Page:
America is rich with wealthy think tanks supported by our wealthy who wish to influence the public debate. The News Tribune is publishing a series of discussions under RedBlueAmerica which features Ben Boychuk from the Manhattan Institute.
In a recent column Mr. Boychuk states that during the New Deal Franklin Roosevelt and the Democrats made a pact to provide government assistance to citizens through Social Security, Medicare and Medicaid. Actually, these programs have expanded in scope since the 1930s. While the intent may have been laudable, Mr. Boychuk alleges these programs are now destroying America.
"An imbalance between rich and poor is the oldest and most fatal ailment of all republics." So wrote the ancient moralist Plutarch. Boychuk ignores the glaring inequities of today's America. Our wealthy are at their greatest pinnacle. The richest 400 Americans have more wealth than 150 million Americans combined.
Boychuk cites the problem as the expanding cost of Medicare and Medicaid. Some alarming statistics were stated. Yet, he attacks the programs which are America's most efficient. In the last three decades Medicare and Medicaid have spent 40 percent less than the private sector. In the private sector medical costs have almost no containment. That is why Americans spend twice as much for health care as any other citizen in the world. Recent figures put American health costs at $2.4 trillion a year. If we had Canadian or European health care we would spend $1.2 trillion less and have equivalent care.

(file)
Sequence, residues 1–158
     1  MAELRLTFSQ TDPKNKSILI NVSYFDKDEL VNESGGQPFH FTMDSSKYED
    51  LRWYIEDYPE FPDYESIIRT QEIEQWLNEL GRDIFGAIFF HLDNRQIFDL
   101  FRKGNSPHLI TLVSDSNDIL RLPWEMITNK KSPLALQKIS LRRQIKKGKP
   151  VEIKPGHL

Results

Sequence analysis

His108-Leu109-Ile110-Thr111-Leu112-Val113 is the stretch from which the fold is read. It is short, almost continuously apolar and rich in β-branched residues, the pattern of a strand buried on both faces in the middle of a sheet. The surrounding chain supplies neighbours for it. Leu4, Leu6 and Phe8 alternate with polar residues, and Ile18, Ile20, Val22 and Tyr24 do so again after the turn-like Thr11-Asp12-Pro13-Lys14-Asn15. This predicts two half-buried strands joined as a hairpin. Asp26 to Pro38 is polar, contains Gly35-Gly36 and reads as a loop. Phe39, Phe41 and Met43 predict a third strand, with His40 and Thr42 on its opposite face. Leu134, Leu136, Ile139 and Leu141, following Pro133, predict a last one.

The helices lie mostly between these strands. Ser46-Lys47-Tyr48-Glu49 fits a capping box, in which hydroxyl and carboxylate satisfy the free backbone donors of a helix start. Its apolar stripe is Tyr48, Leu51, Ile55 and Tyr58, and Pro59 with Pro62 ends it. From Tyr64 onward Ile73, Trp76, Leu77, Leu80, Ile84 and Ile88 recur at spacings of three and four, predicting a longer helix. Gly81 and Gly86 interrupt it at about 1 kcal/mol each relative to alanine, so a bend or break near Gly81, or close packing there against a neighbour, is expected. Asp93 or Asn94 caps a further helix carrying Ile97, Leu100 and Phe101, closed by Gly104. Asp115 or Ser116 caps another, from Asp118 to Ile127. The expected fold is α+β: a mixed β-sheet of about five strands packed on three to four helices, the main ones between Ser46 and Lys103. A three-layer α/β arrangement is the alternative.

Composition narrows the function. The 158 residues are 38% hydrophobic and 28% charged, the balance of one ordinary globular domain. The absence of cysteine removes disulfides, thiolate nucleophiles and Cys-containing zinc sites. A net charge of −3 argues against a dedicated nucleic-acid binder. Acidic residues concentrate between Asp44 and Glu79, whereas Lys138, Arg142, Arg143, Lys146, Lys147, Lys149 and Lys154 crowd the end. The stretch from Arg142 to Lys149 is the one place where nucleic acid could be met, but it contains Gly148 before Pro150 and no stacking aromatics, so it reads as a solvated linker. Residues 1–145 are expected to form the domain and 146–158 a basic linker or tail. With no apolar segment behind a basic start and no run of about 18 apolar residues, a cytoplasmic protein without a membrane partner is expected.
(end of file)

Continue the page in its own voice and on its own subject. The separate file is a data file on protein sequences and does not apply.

Truly, our public discourse has been entirely about problems we don't have, at the expense of dealing with the problems we do have. The Boychuks and Alan Simpsons of the world do not like what they call entitlements. I spent my working life paying into Medicare and am entitled to the results. That is no different than buying a government bond and being entitled to the benefits.
Conservative politicians have prevented Medicare from operating with the kind of cost constraints the Veterans program has in place. Politicians have prohibited citizens from importing drugs from Canada with bogus issues of quality control. The drugs are the same. Medical schools limit the number of physicians to control their market. Health insurance companies gouge us with endless restraints driving up costs. Single payer like Medicare would prevent that.
Boychuk hints Americans are spoiled and expect too much government support. In reality, politicians shelter the medical industry at our expense.